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U.N. Security Council passes Gaza cease-fire proposal drafted by the U.S.

The United Nations Security Council passeda U.S.-drafted cease-fire deal aimed at halting eight months of bloody fighting between Israel and Hamas in Gaza.

The draft of the resolution, which President Joe Biden approved, was finalized Sunday after almost a week of negotiations among members of the 15-member council.

For it to pass, the resolution needed at least nine votes in favor and no vetoes by the countries that have the power to send any cease-fire proposal back to the drawing board — the U.S., France, Britain, China or Russia.

China made no move to block it, and Russia abstained.

"Today, we voted for peace," said the U.S. ambassador to the U.N., Linda Thomas-Greenfield.

In March, China and Russia vetoed a Gaza cease-fire resolution, saying it would give Israel a green light to attack the city of Rafah. Before, it was the U.S. that vetoed three draft resolutions, two of which would have demanded an immediate cease-fire.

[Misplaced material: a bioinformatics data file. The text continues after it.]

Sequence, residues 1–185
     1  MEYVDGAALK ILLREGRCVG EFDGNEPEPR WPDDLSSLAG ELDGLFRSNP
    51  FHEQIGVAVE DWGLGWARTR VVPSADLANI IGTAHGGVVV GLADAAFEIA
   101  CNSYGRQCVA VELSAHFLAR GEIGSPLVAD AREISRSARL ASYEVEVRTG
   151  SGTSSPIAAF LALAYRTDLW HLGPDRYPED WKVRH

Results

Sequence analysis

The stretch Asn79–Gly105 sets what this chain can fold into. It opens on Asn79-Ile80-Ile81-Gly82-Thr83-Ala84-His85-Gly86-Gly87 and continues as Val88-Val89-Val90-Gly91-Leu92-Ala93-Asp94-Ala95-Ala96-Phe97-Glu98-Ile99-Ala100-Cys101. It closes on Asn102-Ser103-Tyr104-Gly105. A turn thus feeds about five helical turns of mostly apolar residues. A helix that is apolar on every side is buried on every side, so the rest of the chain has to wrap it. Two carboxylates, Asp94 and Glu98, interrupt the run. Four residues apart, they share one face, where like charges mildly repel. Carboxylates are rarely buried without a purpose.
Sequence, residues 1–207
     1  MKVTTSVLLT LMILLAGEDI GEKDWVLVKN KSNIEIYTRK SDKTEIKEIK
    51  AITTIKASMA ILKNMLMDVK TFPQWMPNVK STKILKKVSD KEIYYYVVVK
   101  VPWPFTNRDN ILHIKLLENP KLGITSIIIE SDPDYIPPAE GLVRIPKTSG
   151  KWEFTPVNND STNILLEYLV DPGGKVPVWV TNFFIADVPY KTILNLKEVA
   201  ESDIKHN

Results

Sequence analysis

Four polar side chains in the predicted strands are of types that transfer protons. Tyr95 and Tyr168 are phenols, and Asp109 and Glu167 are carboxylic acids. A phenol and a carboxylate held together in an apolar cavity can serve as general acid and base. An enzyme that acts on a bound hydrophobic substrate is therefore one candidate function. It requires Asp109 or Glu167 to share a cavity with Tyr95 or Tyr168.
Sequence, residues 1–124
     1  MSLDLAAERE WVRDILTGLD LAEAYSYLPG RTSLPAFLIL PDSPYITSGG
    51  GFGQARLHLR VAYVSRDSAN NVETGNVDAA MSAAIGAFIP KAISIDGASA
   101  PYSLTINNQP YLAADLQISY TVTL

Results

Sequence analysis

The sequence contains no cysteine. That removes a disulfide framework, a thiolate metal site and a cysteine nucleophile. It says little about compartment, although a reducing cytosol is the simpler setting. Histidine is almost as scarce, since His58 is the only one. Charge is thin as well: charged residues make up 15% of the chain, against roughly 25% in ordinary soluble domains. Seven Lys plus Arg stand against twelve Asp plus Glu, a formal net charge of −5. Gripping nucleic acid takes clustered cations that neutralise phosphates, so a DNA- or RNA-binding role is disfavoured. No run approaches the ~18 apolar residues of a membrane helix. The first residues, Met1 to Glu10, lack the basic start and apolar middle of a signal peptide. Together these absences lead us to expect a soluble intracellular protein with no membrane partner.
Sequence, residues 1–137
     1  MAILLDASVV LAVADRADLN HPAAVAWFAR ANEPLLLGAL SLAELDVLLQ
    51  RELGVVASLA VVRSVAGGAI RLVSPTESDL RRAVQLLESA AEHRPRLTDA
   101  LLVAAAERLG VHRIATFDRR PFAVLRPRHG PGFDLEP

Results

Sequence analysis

Biden announced on May 31 that Israel had proposed a three-part plan that would ultimately lead to a permanent cease-fire in Gaza, as well as the release of all hostages who have been held there since Oct. 7, when Hamas launched a bloody surprise attack on Israel.

Israeli forces have killed more than 37,000 Palestinians, including thousands of women and children, since then, according to Gaza health authorities.

Nate Evans, spokesperson for the U.S. mission to the U.N., said Sunday that it was important for the Security Council to put pressure on Hamas to agree to a proposal that Israel has accepted. 

"Israel has accepted this proposal and the Security Council has an opportunity to speak with one voice and call on Hamas to do the same," he said.

But there already are signs that Israel may not be on board with